With the term edtech growing in usage and currency to describe much of the education technology and the new innovations hitting the learning and education market, (MOOCs and more), and with mobile learning or Mlearning well understood – (having seen off “handheld learning”) we must wonder if there is a new set of terms coming to replace good old e-learning (with or without the dash, capital letter etc.).
Why is this important? Well we believe it is of great interest as more and more organisations, public and private sector seek to understand and procure some form of e-learning. Let’s be honest, e-learning is still only a small percentage of the overall corporate L&D market, with considerable unfulfilled potential, so common and shared understanding of what “it” is all about is incredibly important if the e-learning industry is to achieve its potential, and confusing buyers with ever more esoteric terms is not a good idea.
Terms for what this use of technology in learning, training etc…. must be succinct and easily understood.
Before edtech (with or without the capital E) completely takes over as the parlance of choice of the education sector we have/had Computer Enhanced Learning (CEL) and Computer Mediated Learning (CML). You may remember telematics and informatics from which derived “tele-learning”. (Tele-medicine seems to have hung on though as a term! – works for me!). Technology Enhanced Learning (TEL) is another term that was out there in education. Learning Technologies is also very common parlance in education, (The Association of Learning Technologist’s (ALT) is a major player in that arena).
e-learning is an existing term that is also widely used to procure in the education sector as well as in the corporate sector, and is a sufficiently woolly term to embrace learning content and learning technologies.
Broadly the term e-learning works as it is sufficiently woolly and wide to allow a common and shared understanding by both the buyer and supplier to be brokered. The term is narrow enough to be defined – our favourite coming from Michael Allen, and loose enough to be interpreted to meet organisations needs……even though the term learning is used, training can be implied. E-training never really took off as a term….and we all remember what happened to CBT (Computer Based Training).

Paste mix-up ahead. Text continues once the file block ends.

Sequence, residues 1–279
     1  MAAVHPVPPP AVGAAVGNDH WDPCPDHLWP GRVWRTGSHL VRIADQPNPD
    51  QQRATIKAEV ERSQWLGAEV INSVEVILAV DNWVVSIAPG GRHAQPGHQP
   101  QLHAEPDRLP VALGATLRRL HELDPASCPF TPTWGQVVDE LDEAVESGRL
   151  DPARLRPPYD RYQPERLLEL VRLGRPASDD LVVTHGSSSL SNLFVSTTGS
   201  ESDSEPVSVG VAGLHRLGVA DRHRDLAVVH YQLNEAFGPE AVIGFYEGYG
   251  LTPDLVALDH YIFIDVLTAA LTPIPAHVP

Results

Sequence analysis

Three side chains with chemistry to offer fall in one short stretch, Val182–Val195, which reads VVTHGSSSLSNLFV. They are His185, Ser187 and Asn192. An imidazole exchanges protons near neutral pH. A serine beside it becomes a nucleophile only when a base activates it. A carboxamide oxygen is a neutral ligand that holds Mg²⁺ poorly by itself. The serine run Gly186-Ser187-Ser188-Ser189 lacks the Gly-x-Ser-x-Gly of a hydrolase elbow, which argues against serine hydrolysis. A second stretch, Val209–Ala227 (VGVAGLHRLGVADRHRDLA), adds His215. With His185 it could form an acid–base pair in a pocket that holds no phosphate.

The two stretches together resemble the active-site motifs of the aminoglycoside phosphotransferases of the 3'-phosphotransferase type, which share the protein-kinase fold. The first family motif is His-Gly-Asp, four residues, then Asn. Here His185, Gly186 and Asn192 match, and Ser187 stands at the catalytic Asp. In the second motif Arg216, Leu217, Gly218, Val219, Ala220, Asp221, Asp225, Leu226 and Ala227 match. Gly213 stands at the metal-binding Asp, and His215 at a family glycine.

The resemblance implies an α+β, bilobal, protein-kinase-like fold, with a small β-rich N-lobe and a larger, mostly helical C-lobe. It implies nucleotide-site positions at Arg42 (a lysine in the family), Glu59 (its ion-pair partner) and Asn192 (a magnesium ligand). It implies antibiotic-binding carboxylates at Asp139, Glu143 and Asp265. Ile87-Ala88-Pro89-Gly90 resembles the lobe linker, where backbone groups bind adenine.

Edtech works as well….why? it is sufficiently woolly for a common and shared understanding to be arrived at.
Online learning remains a widely used term as well, but seems in my view to offer a more self directed nuance, unlike e-learning which is definitely a more structured approach to learning. Many will still shudder when they recall CBT – Computer Based Training, a term largely forgotten in the industry but not in all learners.
Learning Technologies …..synonymous with the annual event is a good broad term that seems to have overtaken CBT and has a generally positive image. BETT a technology orientated event used the term Workplace Learning in 2013 to broaden its offer beyond education. They need to do better than that to excite delegates.
e-learning services became a recognised CPV about 5 years ago, and replaces specialist training services – certainly a very woolly term….specialist to what?
Training Software Development Services is another CPV as is Training Software Package, neither really hit the mark in the procurers mind in our view.
For the more education minded procurer there is of course “educational software package” – the EU procurement classifications – Common Procurement Vocabulary (CPV) still recognises this term, as is Education software development services another CPV.
A quick analysis of buying patterns across Europe sees Educational Software Packages as the most commonly used of CPV terms as we have discussed, followed by e-learning services. The other development orientated CPV’s are little used.
What can we infer from this is software package is clearly defined, and quite easily specified and understood, and we can easily ascertain the intended use of this software package.
e-learning services as a CPV, as opposed to the other software development services tends to include a wide range of requirements….It is much more likely to be used to procure an LMS, Mlearning, Social learning and more.
Duplications…..indeed many buyers use many differing terms in the procurement document, and a wide range of terms pepper the descriptions….online learning, virtual learning, NOT cyber learning….(only for the baddies) Networked learning, Social learning etc….
So while edtech appears to be the dominant term in the education space, overhauling Learning Technologies, and sitting next to e-learning – which is given a more content focused interpretation along with Educational software, it is still e-learning that is ahead in the corporate market as the catch all term for using some form of technology to support and improve employees performance.